Author Topic: College Likeness Rights  (Read 402 times)

Offline jknezek

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College Likeness Rights
« on: October 29, 2019, 02:37:28 pm »
Well the NCAA was finally forced into it. Now they are asking all 3 divisions to come up with rules. It will be interesting to see how DIII responds. Do I think there is a big market for this in DIII? Absolutely not. But it all depends on the rules. I could see some schools finding donors to buy some autographs. Not many, and not in very many sports, but enough to land an impact player or two? Maybe. I'm not sure I'd see the upside, but then again, when you look at some of the facilities that have been built around DIII, what's a few hundred orchestrated dollars for autographs for that qb that is wavering between preferred walk on status at a DI or a DIII national football contender?

https://www.espn.com/college-sports/story/_/id/27957981/ncaa-votes-allow-athletes-profit-likeness

Offline Ryan Scott (Hoops Fan)

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Re: College Likeness Rights
« Reply #1 on: October 29, 2019, 02:46:50 pm »

I was already planning to write about this issue this season, now I definitely will.  To me, one of the big effects for d3 will be those schools in smaller media markets.  Augustana gets big TV coverage in the Quad Cities.  Whitman is pretty prominent in Walla Walla.  Yeah, it might be $100 here or there for a TV spot or a promotional event, but that kind of exposure could help win a recruiting battle, couldn't it?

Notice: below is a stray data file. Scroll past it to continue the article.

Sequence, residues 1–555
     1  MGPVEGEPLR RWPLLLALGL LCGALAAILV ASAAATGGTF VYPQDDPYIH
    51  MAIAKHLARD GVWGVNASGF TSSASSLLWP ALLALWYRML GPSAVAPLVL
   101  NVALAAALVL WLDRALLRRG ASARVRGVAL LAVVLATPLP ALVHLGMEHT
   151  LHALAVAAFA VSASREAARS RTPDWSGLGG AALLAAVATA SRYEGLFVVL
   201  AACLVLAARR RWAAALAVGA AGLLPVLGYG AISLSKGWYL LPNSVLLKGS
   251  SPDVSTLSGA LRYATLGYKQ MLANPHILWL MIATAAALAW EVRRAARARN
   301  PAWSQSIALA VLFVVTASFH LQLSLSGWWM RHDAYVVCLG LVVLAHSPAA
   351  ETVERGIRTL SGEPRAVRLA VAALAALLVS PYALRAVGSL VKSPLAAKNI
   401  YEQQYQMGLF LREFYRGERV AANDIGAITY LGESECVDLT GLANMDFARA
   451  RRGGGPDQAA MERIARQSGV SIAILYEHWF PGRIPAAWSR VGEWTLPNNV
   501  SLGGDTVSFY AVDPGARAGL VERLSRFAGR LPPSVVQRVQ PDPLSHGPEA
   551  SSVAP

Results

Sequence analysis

We already hear from coaches who say our (D3hoops.com) coverage of the sport wins them athletes over D2 and NAIA competition where they don't have the same chances for national exposure.  An ability to earn a little extra money (or, even more so, for many, notoriety), could certainly be a draw.

Not to mention the impact for schools with big pocket donors.  In the past they may have paid for a road trip to a tournament - what's to keep them from "hiring" students for promo events or paying them for autographs, if it means helping recruiting.

I imagine the big consideration for d3 would be limiting how these types of opportunities are used in recruiting - but, of course, none of us really knows what the issues will end up being.  It's pretty unknown territory at this point.
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Offline jknezek

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Re: College Likeness Rights
« Reply #2 on: October 29, 2019, 02:52:59 pm »
Yes. Watching this play out will be fascinating. In my opinion, the NCAA had no choice, and I mostly side with the players on this issue, but I do see it as Pandora's Box. I would not want to be writing the rules, and I certainly would not want to be enforcing them. Given the NCAA's gutted enforcement division, I just don't see this ending well. On the other hand, I don't really care. The big effect will be in DI. As far as DIII goes, the contenders are the contenders and it is very rare to see teams move in and out of that contending tier in any sport. Dynasties are more the rule in DIII than the exception. I wonder if this will allow some of those dynasties to get broken up a bit, or just force them to find ways to solidify their holds.

Offline Dave 'd-mac' McHugh

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Re: College Likeness Rights
« Reply #3 on: October 29, 2019, 03:51:26 pm »